Robert Rauschenberg
Enlarge Zoom in
© The Andy Warhol Foundation for the Visual Arts, Inc.

Andy Warhol
American, 1981
Polaroid Polacolor
3 3/4 x 2 7/8 in.

Add to Getty Bookmarks

In Andy Warhol's depiction of his old friend Robert Rauschenberg as the wounded artist, the gauze and bandages add layers to the portrait in a way similar to Rauschenberg's own layered working methods. He and Warhol met in 1960 and two years later got together at Warhol's studio in a session that provided inspiration for both artists. Rauschenberg discovered the silkscreen process that Warhol was already using to transfer photographic images to canvas, and Warhol decided to do a series of paintings based on family snapshots of Rauschenberg, taking him as his first non-celebrity Pop subject. Through large canvases that repeated his portrait as many as twenty-five times, Warhol made Rauschenberg's face famous.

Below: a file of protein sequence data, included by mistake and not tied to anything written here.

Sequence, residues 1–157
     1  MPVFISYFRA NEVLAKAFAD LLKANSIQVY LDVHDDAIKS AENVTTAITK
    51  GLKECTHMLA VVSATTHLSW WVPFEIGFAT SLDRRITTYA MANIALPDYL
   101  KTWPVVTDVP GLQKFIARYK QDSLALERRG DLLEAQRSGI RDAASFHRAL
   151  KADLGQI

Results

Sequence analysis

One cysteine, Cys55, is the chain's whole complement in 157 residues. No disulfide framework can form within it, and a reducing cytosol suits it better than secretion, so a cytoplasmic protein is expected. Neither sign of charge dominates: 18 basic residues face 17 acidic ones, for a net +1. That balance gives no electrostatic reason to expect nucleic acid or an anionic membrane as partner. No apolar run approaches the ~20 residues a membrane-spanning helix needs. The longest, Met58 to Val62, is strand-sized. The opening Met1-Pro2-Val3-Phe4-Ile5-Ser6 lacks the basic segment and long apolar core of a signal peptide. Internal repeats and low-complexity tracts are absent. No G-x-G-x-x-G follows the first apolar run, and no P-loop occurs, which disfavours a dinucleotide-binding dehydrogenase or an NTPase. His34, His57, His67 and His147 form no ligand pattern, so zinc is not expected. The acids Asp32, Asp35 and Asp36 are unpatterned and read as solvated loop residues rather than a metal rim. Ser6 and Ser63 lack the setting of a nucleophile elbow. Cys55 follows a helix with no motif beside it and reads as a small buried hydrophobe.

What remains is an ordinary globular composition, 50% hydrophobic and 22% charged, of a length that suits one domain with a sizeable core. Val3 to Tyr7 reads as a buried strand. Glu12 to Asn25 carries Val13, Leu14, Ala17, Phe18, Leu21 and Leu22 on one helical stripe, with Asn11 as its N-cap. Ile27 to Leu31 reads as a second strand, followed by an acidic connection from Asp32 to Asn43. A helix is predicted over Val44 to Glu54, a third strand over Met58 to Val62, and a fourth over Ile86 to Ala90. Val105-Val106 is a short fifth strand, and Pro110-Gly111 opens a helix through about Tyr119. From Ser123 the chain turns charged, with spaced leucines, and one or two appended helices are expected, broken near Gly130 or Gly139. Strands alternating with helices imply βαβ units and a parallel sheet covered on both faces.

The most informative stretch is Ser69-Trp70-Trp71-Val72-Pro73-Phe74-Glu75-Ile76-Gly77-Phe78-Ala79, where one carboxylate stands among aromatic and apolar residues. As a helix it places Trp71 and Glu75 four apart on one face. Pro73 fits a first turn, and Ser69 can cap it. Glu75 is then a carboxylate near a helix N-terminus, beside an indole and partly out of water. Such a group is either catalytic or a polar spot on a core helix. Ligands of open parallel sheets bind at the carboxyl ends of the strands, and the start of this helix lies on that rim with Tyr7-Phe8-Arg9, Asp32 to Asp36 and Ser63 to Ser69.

A passion for photographs, including those they made themselves, was at the center of artmaking for both Warhol and Rauschenberg. Rauschenberg's confidence in photographs as major gallery pieces may have reassured Warhol that he should begin exhibiting some of the hundreds of photographs he had made in documenting his own life.